Loss of feathers and swelling in the face/head HELP!

Discussion in 'Emergencies / Diseases / Injuries and Cures' started by bonzak, Sep 10, 2011.

  1. bonzak

    bonzak In the Brooder

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    May 13, 2010
    Our bantam chicken has had some feather loss and now today her face started to swell! Is there any home treatment we can try?
    [​IMG]
    [​IMG]
     
  2. Firefighter Chick

    Firefighter Chick Songster

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    May 8, 2011
    Southeast Minnesota
    Last edited: Sep 10, 2011
  3. Iluvmychickens

    Iluvmychickens Songster

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    Jun 27, 2007
    Jacksonville, Florida
    It might be this





    Avian Rhinotracheitis 'Swollen Head Syndrome'






    Extracted From:

    A Pocket Guide to

    Poultry Health
    and
    Disease

    By Paul McMullin
    [​IMG] 2004
    Click Here to
    Order Your Copy


    Introduction

    A viral disease of chickens, turkeys (see separate summary), guinea fowl and possibly pheasants seen in Europe, Africa, South America and North America. It is caused by a pneumovirus of the Paramyxoviridae family, first isolated from poults in South Africa in 1978. Two subgroups have been identified on the basis of the G-protein sequence: A (original UK isolates) and B (original southern Europe isolates). There is rapid lateral transmission with infection by aerosol through the respiratory route; vertical transmission is uncertain. As for many infections, fomites can be important in moving infection between farms. The incubation period is 5-7 days, morbidity is 10-100% and mortality can be 1-10%.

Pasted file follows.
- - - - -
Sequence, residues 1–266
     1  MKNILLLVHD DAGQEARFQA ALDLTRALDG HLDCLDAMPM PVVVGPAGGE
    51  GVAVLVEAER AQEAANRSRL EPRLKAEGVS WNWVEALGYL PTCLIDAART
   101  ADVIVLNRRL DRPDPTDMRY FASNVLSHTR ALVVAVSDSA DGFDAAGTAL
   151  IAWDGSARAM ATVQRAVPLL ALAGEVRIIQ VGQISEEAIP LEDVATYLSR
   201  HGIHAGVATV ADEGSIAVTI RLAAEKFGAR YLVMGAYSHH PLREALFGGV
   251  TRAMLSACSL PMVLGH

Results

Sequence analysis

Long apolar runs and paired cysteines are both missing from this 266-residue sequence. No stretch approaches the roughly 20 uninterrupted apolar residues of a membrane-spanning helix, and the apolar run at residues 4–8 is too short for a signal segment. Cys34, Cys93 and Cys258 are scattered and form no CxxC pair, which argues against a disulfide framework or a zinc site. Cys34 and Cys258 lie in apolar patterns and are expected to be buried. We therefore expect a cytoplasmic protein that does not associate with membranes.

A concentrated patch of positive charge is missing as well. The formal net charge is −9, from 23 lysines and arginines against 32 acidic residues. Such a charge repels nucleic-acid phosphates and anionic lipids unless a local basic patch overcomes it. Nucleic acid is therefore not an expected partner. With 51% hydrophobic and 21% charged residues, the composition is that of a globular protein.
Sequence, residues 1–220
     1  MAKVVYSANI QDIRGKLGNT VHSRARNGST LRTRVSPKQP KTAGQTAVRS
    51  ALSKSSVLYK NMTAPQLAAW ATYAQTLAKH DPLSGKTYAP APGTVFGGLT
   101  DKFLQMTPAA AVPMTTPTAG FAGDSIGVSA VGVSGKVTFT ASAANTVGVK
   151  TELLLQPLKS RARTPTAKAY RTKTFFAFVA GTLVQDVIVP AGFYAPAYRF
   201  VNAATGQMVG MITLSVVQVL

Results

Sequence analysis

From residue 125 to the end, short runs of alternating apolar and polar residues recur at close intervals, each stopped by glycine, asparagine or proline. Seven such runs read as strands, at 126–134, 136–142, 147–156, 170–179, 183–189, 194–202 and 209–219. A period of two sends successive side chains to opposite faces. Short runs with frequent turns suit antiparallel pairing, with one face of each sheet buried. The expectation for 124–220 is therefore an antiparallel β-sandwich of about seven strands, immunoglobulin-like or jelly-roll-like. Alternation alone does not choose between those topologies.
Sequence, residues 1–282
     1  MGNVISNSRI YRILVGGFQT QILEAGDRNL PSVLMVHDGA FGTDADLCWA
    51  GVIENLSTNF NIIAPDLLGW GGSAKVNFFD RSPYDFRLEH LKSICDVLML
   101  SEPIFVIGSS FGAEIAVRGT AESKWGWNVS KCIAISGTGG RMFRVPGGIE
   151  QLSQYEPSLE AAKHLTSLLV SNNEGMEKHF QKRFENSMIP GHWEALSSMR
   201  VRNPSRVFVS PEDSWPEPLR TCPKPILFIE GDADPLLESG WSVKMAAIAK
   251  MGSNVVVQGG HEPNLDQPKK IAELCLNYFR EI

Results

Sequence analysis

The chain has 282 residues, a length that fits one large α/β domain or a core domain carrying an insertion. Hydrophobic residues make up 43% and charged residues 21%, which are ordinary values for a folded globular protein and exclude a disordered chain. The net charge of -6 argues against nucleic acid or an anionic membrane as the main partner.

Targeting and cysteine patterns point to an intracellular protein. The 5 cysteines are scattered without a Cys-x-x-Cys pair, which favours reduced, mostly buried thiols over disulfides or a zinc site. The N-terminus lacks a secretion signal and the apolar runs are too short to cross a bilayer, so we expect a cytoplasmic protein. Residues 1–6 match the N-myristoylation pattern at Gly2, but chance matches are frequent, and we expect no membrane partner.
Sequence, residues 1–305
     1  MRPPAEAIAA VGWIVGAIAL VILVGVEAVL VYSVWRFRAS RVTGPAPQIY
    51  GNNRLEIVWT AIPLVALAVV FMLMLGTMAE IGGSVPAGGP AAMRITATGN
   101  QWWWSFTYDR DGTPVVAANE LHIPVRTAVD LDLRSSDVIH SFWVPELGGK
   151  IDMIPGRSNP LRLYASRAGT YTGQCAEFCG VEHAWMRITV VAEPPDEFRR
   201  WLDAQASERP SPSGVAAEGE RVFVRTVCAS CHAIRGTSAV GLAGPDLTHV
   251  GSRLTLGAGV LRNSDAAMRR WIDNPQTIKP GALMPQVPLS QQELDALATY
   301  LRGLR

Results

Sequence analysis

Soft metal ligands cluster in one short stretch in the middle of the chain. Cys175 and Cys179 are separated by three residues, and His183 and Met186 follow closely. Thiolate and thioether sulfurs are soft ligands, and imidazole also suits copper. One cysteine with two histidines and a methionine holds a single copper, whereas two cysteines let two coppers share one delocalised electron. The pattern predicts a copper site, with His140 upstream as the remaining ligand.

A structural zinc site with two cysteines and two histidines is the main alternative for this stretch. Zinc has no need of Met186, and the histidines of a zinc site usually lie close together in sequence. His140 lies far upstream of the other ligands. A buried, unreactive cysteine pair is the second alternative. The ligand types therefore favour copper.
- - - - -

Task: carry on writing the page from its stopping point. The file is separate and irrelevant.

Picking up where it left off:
Signs


    •Decreased appetite, weight gain and feed efficiency.
    •Facial and head swelling (though this can occur in other conditions).
    •Loss of voice.
    •Ocular and nasal discharge.
    •Conjunctivitis.
    •Snick.
    •Dyspnoea.
    •Sinusitis.

    Post-mortem lesions


    •Serous rhinitis and tracheitis, sometimes pus in bronchi. If secondary invasion by E. coli then pneumonia, airsacculitis and perihepatitis.
    •Congestion, oedema and pus in the air space of the skull occurs in a proportion of affected birds due to secondary bacterial infections.

    Diagnosis

    Clinical signs, serology, isolation of ciliostatic agent. Differentiate from Infectious Bronchitis, Lentogenic Newcastle disease, low virulence avian influenza, Ornithobacterium rhinotracheale. Serology - Elisa normally used, not all commercial kits are equally sensitive to response to both A and B challenge viruses.

    Treatment

    Antibiotic not very effective. Control respiratory stressors, chlorination of drinking water, multivitamins.

    Prevention

    All-in/all-out production, vaccination (degree of cross protection between A and B types remains to be established). Live vaccines can reduce clinical signs and adverse effects, inactivated vaccines may be used in breeders prior to lay.
     
  4. bonzak

    bonzak In the Brooder

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    May 13, 2010
    Thanks for the info![​IMG] We have found more bumps/nodules on her under side and by the vent. She seems to be healthy other wise (eating/drinking fine)[​IMG]
     
  5. Rhi

    Rhi Hatching

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    Did you find out what this was? Was chook ok? Heal on its own? My chook has the same thing - vet thinks its fowl pox
     
  6. Wyorp Rock

    Wyorp Rock Free Ranging

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    Sep 20, 2015
    Southern N.C. Mountains
    Hi @Rhi Welcome To BYC
    If you have photos of your chicken we will be happy to take a look.

    Did your vet recommend any type of treatment for your chicken?
    Also giving us your general location (state/country) is helpful when giving suggestions.

    Here's some reading about Fowl Pox http://www.the-chicken-chick.com/fowl-pox-prevention-treatmen/
     

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